Brazilian president Dilma Rousseff will be celebrating on Sunday her first of four years in office with a record public opinion support of 72%, based on a sober and firm style in running what has become the world’s sixth largest economy.
The first woman president of Brazil imposed a style very different from her predecessor and political mentor Lula da Silva: she addresses issues in a more managerial and less political way; more discrete and without the spontaneous charisma of the former union leader.
“Her style is harder, more like a manager, with the image of an iron lady who confronts corruption and this pleases the traditional middle class” according to Ricardo Ribeiro from MCM public opinion consultants.
For Renato Fonseca from pollsters Ibope, the record popularity is founded on the way she faces corruption, but above all “Brazilians satisfaction with the running of the economy”
Rousseff lost six ministers to corruption allegations in six months including Sports which has become crucial since Brazil is hosting the 2014 World Cup and the 2016 Olympics.
But governance and the economy are some of the challenges for the next year.
“In the second year the positive inertia inherited from the administration of President Lula da Silva, who finished with a support of 80% and the economy expanding at 7.5% will lose strength and there could be demands for deep reforms if the global crisis reaches Brazil and the ruling coalition disputes and corruption claims persist”, according to Augusto de Castro from BrazilPolitics.
Controlling a coalition of ten parties, traditionally not too loyal and with their own interests is not easy, particularly in 2012 with elections in 5.000 cities and towns all over the country.
“If Rousseff manages to retain popularity, she will be the natural option for the 2014 presidential election” anticipates Ribeiro.
The third most powerful woman in the world, according to Forbes, Rousseff has made economic resistance the main instrument of her economic policy with tough measures to defend and promote home industry and consumption.
The Brazilian economy expanded 7.5% last year and is expected to be in the range of 3% in 2011, because of the global crisis, but 2012 remains an open question. Government estimates 4%, even 5%, but private consultants are not so optimistic.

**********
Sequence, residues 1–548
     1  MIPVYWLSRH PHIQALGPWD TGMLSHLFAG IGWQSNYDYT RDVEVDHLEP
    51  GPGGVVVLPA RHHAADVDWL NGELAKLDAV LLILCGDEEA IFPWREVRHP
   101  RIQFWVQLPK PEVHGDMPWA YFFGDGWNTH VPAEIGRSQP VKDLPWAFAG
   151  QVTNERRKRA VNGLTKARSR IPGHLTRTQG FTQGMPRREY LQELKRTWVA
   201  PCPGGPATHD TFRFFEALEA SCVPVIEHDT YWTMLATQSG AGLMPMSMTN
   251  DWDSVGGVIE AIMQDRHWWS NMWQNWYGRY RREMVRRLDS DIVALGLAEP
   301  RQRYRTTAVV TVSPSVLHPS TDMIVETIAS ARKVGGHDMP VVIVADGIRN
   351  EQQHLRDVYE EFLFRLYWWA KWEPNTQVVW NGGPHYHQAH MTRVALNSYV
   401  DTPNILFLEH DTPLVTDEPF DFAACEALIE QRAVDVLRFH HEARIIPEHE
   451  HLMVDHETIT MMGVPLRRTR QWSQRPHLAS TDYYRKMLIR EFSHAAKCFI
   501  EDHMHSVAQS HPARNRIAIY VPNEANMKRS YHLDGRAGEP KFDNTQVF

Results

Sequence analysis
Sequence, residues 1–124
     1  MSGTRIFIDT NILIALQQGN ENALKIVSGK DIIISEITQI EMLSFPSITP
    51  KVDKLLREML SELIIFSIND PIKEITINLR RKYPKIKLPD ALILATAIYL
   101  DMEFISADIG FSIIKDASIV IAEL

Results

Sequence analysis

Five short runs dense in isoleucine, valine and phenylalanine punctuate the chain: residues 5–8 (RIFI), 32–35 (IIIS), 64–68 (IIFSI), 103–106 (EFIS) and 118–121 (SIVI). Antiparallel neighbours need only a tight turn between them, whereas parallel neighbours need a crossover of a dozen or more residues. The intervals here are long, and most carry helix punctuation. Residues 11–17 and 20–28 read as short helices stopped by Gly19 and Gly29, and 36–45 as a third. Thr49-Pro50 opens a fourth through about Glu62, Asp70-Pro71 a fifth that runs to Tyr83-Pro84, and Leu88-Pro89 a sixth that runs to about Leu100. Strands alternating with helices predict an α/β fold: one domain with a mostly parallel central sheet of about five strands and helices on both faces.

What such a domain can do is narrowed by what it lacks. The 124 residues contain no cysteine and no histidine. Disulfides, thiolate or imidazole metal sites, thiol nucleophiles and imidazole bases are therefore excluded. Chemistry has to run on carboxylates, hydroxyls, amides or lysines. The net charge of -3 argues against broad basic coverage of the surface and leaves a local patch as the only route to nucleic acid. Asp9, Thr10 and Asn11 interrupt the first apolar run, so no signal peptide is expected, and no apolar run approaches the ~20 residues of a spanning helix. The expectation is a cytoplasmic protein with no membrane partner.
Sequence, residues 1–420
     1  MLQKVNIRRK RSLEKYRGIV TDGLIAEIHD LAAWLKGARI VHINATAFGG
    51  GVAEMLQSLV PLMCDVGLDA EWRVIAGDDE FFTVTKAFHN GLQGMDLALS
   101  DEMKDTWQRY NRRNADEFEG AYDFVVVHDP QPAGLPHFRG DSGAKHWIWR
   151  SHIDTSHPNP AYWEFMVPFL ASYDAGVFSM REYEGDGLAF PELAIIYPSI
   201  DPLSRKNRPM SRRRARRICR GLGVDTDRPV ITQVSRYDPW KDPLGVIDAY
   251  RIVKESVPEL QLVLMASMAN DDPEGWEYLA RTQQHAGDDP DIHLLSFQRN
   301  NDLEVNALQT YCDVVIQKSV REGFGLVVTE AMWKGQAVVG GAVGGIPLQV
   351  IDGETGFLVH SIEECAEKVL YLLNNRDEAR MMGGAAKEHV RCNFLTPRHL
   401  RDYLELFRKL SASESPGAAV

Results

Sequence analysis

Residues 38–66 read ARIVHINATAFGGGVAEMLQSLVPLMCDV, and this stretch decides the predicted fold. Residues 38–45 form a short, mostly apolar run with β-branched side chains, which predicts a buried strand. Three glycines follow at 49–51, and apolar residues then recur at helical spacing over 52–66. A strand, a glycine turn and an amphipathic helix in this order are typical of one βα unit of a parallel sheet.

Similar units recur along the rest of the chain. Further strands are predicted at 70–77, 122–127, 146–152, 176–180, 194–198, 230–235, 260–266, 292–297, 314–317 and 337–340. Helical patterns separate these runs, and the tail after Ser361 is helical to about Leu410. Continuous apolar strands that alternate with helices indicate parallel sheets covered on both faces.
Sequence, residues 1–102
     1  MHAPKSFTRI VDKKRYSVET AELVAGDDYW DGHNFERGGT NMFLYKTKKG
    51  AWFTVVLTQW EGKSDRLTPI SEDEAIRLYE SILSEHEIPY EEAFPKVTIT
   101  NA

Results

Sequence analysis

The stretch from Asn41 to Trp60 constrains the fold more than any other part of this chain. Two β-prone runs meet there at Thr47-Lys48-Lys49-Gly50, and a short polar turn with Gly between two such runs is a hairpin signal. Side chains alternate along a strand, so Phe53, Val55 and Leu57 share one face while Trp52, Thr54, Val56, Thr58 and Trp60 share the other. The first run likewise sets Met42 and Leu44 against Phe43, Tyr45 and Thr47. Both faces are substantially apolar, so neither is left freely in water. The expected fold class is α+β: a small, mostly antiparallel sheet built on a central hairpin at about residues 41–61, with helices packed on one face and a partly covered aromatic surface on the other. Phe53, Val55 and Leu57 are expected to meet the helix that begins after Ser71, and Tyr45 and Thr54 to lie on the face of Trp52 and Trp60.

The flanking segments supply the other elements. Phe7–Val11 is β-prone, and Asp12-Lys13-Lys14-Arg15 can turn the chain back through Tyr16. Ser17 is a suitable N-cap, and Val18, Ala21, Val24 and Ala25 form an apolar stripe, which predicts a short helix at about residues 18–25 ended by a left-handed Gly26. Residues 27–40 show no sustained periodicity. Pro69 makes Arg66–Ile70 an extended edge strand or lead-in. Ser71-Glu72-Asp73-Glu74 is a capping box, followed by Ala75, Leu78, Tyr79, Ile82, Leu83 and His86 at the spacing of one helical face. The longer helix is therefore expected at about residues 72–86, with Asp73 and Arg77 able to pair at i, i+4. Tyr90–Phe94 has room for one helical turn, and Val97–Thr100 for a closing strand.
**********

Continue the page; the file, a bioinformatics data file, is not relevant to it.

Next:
However Rousseff promised that 2012 will be a prosperous year for Brazilians, better than in 2011, well aware that further contraction of the economy would imperil her plans to lift from poverty and misery 16 million Brazilians and the social advances achieved by Lula da Silva who turned 28 million poor Brazilians into to consumers.
But Economy Minister admits that much is still needed in infrastructure, health services and quality education before Brazil reaches European levels, maybe in twenty years.
In foreign policy Rousseff is not so fond of travelling as Lula da Silva, and has been involved in a more practical and less rhetoric agenda. South America tops the list of priorities, according to foreign affairs advisor Marco Aurelio Garcia.
“Dilma is interested in bringing together positions in the region and with the big emerging countries, and wants more international weight for Brazil in accordance with the might of its emerging economy, particularly in global forums and international organizations such as the IMF, UN or G20”, says Garcia.
But this does not mean she forgets about the large partners: Rousseff hosted US president Barack Obama earlier in the year and travelled to China, nor does she leave aside Africa under much influence of Chinese investments but where Brazil has a growing presence in trade, investment and other exchanges taking advantage of common cultural and ethnic background.